From the Waterbury Republican-American:
Since 2002, teachers such as [kindergarten teacher Carol] Fitzgerald have gotten a bit of relief on their taxes for purchasing classroom supplies out of their own pockets. But the code that allowed educators to take up to a $250 deduction on their income taxes is set to expire at the end of this year.
"That $250 is a drop in the bucket. You can see just looking around how much money we're spending on supplies," Fitzgerald said. "But at least they're recognizing the fact that we're spending money on our own."
The National Education Association is working with Congress to get a two-year extension on the tax deduction, said Al Campos, a lobbyist for the organization.
The number of teachers using the deduction has grown since 2002, according to Internal Revenue Service spokeswoman Dianne Besunder. In 2002, 2.9 million teachers claimed some or all of the deduction, increasing to 3.2 million in 2003 and 3.4 million in 2004. Numbers for 2005 are not yet available.
Those 3.4 million teachers each taking their $250 deduction represents a total of $850 million in tax deductions - 0.039% of the 2004 federal budget of $2.2 trillion.
That $850 million, as the article notes, also only represents a fraction of what teachers actually spend out of their own pockets on school supplies:
In this veteran teacher's classroom, she has purchased most everything out of her own pocket: the sand in the sand table, books on her overstuffed shelves, colorful posters, arts and crafts supplies, supplementary workbooks and more.
Patrick Ospalek, president of the Waterbury Teachers Association and an English teacher at Waterbury Arts Magnet School, said the tax deduction has been popular among teachers despite many spending more than $250 on supplies each year.
"From personal experience, the $250 deduction is welcome, but I know that I spent probably four times that on supplies over the course of last year," Ospalek said. "It can't be seen as representative of what's actually" spent.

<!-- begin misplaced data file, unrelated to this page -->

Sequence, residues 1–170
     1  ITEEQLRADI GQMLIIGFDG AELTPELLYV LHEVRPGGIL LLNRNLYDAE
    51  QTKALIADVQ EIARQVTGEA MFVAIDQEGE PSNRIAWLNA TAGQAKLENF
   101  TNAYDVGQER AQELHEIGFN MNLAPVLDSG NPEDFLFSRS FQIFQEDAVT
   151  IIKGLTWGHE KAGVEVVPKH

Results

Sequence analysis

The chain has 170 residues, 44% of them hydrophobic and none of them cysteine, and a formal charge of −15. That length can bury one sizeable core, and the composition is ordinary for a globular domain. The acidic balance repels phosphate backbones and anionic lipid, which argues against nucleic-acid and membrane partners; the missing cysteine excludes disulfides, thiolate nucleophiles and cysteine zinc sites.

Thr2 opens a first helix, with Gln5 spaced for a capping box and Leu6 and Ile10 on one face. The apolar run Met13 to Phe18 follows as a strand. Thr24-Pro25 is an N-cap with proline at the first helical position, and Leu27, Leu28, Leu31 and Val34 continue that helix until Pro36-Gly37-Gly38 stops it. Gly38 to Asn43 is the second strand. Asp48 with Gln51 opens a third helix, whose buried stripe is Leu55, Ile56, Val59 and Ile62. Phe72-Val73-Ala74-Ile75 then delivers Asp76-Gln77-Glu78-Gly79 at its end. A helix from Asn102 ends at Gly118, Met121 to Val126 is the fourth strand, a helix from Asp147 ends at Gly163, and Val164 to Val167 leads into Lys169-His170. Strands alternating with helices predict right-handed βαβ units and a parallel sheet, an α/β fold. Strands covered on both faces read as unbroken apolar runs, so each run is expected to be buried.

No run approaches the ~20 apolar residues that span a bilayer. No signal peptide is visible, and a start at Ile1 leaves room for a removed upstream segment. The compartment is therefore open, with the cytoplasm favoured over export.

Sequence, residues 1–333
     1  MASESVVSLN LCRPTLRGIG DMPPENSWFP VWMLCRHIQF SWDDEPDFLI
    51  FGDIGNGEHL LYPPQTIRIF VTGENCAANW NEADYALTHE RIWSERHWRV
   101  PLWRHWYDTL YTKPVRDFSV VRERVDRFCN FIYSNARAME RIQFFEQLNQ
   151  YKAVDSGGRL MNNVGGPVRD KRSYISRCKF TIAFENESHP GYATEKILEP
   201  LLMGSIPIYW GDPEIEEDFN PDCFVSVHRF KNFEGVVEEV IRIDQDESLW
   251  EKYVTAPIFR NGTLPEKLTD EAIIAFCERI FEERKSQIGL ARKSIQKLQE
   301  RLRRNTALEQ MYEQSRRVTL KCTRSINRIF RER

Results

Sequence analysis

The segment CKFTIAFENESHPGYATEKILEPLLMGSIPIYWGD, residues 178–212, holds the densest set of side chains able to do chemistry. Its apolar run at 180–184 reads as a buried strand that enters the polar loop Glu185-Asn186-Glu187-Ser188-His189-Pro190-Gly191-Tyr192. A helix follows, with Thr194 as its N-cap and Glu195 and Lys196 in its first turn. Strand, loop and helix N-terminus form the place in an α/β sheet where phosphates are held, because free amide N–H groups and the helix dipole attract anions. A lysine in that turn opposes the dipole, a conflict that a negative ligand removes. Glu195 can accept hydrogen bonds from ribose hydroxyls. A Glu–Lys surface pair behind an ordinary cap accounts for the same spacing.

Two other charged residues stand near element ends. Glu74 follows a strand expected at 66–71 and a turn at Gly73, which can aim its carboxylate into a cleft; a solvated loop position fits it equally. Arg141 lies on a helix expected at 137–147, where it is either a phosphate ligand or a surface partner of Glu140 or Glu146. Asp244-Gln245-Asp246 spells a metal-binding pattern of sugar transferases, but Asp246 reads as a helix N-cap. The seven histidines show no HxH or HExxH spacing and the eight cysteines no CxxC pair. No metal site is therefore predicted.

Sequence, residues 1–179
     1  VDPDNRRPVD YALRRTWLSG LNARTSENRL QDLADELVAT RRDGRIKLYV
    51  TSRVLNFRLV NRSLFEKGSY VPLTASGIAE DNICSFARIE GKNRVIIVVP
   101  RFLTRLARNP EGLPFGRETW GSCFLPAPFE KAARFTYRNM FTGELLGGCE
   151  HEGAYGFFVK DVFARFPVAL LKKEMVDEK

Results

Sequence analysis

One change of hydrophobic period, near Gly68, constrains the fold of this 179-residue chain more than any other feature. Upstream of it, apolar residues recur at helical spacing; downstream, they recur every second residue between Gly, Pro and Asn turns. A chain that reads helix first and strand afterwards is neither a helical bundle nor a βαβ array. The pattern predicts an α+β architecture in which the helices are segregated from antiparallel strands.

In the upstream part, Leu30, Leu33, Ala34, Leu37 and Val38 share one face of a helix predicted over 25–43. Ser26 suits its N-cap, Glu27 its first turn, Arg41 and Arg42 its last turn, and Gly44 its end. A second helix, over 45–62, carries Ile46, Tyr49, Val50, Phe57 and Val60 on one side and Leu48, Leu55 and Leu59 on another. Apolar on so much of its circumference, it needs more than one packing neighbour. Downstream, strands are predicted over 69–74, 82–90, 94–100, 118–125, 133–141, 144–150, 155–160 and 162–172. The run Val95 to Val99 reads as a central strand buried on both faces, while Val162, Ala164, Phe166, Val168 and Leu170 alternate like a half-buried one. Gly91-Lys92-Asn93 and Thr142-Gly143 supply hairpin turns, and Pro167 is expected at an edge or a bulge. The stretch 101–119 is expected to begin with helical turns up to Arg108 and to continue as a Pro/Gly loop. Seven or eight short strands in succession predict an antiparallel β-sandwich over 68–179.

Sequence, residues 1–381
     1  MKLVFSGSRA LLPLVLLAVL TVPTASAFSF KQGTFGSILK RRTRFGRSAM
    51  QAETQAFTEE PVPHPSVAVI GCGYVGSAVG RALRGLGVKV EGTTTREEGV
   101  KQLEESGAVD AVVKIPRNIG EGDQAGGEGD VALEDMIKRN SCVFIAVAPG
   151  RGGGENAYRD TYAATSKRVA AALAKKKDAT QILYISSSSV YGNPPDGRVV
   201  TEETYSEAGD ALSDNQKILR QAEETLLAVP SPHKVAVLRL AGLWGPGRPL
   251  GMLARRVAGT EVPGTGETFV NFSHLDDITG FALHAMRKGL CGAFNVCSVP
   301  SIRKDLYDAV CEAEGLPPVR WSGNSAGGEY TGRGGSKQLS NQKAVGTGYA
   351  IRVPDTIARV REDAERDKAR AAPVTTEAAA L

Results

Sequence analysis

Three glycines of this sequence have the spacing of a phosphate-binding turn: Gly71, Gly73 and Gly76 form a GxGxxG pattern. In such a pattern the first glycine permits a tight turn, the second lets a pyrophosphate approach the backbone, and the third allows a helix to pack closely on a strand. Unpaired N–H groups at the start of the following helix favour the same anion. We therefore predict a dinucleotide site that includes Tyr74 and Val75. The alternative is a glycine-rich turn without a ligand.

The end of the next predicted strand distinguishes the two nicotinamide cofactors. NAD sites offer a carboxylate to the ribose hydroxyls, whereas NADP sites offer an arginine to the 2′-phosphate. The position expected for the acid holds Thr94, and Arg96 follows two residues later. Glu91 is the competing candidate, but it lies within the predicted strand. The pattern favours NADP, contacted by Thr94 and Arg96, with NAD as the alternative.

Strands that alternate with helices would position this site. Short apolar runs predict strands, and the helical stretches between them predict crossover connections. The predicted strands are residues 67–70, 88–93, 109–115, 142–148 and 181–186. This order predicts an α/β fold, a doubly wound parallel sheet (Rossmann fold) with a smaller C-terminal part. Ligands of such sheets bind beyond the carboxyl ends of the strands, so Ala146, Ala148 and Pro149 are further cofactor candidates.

"At the elementary level, the enrichment stuff that the teachers find so useful is the stuff that the district isn't buying," he said. "The district is buying the necessities. Some might say the bare necessities."
Click on the link and read the whole article. This tax deduction has been scheduled to end before and survived; hopefully, it will survive again.
Update: Anon, in the comments, has alerted us to Susan Collins' announcement, dated 12/11/06, that an extension of the tax deduction has passed the Senate. For some reason, neither Thomas nor GovTrack has updated the status of either the House or the Senate version of the bill. It is unclear whether the extension has passed the House. Senator Collins' website alludes to a bill that extends the existing deduction and makes no mention of how long the extension is for - her bill as originally introduced (and its House companion) increased the deduction to $400 and made it permanent. I will try to figure out what has happened with this bill as information becomes available.
Megan Broderick, Teachers who buy own supplies hope IRS extends tax deduction, Waterbury Republican-American, December 12, 2006.
Fiscal Year 2004 Budget, Summary Tables, Government Printing Office.